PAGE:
Sow your seed in the morning, and at evening let not your hands be idle,
for you do not know which will succeed, whether this or that, or whether both will do equally well.
~ Ecclesiastes 11:6
From this verse, we can glean three tips about sowing from Solomon that are relevant for leaders and the people we serve. Each of these principles is reinforced by a variety of New Testament passages as well.
(1) Though we live in a world filled with uncertainty, we must sow day and night!
On a trip to Kansas, I noticed tractors with headlights working in the fields well into the night. Later I asked a farmer about what I saw. He said, “When it’s time to sow, we get out there and sow, day or night, because weird things can happen that can keep us from planting. If we don’t get the crop in, we can’t reap a harvest. Simple as that!”
He’s right. Weird stuff happens. We live in a world filled with uncertainty. While everyone wonders (or tries to predict) what will happen next, Solomon offers advice with more accuracy than a weatherman and more precision than an almanac: sow. Sow day and night because you don’t know what work you do will bear fruit.
Sowing, of course, is a metaphor for deeper spiritual realities. In Mark 4, Jesus urges us to sow the Word of God in people’s lives. Though we may never see the fruit of this labor or it may take years to produce, we must not lose heart or focus. Sow the Word of God in the lives of those around you day and night.
(2) Each person is only responsible to sow what he or she has.
Notice the Scripture reads: “sow your seed.” Each person reading this article should not worry about seed you don’t have, but sow the seed you do have. Consider this sowing in light of your financial giving.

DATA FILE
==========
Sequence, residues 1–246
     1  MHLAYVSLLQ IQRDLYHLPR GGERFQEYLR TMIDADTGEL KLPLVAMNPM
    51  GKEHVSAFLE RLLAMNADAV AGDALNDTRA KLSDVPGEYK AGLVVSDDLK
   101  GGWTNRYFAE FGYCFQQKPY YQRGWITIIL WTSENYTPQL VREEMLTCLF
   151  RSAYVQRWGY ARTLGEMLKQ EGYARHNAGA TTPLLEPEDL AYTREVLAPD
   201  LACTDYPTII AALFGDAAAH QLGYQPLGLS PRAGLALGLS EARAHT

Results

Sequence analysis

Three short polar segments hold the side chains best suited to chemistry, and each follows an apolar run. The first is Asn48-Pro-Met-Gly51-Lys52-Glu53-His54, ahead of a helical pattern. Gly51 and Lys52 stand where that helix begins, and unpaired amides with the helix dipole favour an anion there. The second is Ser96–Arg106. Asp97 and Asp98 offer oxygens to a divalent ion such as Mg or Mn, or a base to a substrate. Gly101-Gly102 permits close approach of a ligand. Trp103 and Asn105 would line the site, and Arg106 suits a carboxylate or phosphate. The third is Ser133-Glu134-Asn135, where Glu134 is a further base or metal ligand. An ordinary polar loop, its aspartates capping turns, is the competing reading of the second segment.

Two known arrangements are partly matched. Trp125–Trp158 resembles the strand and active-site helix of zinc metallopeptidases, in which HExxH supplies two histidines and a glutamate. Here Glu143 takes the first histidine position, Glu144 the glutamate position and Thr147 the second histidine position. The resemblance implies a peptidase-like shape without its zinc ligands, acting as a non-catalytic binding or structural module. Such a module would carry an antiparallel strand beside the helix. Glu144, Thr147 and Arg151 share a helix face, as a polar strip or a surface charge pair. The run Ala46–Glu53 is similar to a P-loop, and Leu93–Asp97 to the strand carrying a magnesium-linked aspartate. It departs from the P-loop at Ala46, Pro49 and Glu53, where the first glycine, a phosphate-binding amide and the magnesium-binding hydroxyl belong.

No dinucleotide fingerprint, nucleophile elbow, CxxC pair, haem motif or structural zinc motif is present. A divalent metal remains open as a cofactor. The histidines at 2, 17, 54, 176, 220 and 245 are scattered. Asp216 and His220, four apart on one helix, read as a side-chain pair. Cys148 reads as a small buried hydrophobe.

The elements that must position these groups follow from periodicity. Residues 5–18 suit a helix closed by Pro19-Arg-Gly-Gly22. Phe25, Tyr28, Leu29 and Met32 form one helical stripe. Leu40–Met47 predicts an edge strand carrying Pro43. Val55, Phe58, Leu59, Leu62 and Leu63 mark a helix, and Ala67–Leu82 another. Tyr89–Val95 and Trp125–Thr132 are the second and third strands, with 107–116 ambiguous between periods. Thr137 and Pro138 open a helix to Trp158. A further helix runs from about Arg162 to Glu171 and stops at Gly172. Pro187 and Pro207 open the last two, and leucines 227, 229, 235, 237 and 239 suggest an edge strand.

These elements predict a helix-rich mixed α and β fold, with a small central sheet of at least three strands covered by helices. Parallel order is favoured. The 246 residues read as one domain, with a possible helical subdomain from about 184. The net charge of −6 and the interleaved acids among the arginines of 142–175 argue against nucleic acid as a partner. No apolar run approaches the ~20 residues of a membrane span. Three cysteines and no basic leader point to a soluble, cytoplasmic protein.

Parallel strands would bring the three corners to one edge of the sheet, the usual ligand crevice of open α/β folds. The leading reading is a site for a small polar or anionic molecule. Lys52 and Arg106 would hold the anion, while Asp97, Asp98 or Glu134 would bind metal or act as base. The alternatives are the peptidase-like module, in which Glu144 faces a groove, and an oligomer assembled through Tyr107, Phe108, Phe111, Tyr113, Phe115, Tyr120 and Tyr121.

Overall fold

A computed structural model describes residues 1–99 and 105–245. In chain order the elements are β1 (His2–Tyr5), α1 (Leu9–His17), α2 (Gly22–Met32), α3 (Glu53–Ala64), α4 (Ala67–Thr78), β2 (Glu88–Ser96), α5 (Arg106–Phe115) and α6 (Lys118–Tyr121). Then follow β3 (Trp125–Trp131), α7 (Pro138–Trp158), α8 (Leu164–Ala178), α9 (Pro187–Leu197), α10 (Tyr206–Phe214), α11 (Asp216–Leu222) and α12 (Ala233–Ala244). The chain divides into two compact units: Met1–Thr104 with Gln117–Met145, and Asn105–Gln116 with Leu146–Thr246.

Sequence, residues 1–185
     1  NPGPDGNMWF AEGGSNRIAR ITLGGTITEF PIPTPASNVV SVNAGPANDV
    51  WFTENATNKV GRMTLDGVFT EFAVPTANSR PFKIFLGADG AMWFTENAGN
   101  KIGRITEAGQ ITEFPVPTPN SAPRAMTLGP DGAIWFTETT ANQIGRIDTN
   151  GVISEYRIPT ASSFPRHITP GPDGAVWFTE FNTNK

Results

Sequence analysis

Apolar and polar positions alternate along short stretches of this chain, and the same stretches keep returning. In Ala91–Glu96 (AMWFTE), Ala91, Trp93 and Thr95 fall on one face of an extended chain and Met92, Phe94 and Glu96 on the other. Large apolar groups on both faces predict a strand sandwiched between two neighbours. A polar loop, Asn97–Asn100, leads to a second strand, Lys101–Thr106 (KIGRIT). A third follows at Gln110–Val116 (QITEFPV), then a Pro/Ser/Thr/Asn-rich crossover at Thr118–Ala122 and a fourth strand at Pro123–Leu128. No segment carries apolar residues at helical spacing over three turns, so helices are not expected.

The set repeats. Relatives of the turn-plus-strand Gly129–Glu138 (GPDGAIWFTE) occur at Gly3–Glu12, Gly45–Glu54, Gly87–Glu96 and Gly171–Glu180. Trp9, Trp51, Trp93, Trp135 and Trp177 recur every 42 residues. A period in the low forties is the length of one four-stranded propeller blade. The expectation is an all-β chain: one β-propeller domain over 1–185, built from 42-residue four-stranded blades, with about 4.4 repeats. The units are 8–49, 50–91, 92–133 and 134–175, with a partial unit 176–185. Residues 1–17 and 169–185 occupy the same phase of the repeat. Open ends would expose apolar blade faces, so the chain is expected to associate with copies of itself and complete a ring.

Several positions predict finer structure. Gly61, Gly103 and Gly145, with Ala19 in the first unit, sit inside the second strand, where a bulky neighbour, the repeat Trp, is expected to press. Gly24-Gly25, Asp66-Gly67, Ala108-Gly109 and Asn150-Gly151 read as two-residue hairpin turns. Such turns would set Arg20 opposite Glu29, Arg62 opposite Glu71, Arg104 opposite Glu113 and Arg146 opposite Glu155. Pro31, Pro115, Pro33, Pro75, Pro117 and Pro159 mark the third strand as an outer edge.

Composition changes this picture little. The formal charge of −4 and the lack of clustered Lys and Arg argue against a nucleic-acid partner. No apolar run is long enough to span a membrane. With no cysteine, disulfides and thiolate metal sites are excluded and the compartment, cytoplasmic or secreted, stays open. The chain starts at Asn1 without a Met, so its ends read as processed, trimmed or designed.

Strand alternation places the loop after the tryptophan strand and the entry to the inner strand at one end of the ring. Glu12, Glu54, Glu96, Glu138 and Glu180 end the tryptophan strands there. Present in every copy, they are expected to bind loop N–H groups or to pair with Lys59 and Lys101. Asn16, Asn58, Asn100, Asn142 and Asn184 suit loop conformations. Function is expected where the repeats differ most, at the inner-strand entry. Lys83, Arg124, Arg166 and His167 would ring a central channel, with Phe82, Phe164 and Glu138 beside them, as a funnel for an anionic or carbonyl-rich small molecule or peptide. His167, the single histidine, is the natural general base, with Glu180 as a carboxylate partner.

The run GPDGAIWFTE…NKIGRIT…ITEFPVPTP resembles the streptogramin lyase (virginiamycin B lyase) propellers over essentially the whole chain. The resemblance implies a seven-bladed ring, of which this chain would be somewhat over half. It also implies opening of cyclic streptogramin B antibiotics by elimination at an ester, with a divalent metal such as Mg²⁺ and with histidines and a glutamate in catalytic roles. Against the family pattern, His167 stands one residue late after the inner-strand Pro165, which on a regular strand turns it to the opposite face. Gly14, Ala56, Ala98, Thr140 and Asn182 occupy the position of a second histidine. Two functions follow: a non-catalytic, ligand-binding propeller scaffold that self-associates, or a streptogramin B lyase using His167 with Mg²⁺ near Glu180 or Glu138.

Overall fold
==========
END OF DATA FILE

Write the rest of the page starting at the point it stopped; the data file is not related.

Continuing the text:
In the New Testament Christians are instructed plainly to give to ministry and to the poor. In Galatians 6:6 Paul instructs us to share all good things with ministry leaders. In 2 Corinthians 8-9, Paul exhorts the Corinthians (and each of us) to sow, that is, share financial resources from God with those in need. In Galatians 6:10-11 he adds that we should do this with everyone and especially people within the body of Christ.
Are you sharing what you have? Take out a sheet of paper and inventory what you have. Include both cash and non-cash assets. Commit today to sharing more money regularly to your local church and other ministries as well as the poor. Why do this?
(3) You can’t reap an abundant harvest if you don’t sow!
Seed kept in a barn never produces a harvest. The only way it can fulfill its purpose is to be sown. Regardless of your measure of financial resources, if you are a Christian, you possess yet another kind of seed—gifts—as 1 Peter 4:10 reminds us that our spiritual gifts have been entrusted to us to serve others.
When we sow ourselves in sacrificial service we reflect the love of Christ and bring him glory regardless of our ability to articulate the Gospel or our capacity to make financial gifts. Everyone can sow generously! In an uncertain world Solomon states one thing with certainty: Sow what you have, day and night.
Solomon was wise. He knew what happens when you sow abundantly: you reap abundantly. Today and every day: be a sower! Freely sow the Word of God in the lives of those around you, give generously from what you have, and voluntarily serve others using your gifts in a manner that brings glory to God.
Gary G. Hoag is the Generosity monk and co-author of a book entitled, The Sower: Redefining the Ministry of Raising Kingdom Resources.
Go deeper into the biblical principles of becoming a sower by registering for the Fall CLA Online Academy. This quarter we have the class that’s right for you. Last day to register is September 3, 2013.
We are grateful to this year’s Academy sponsor – ECFA.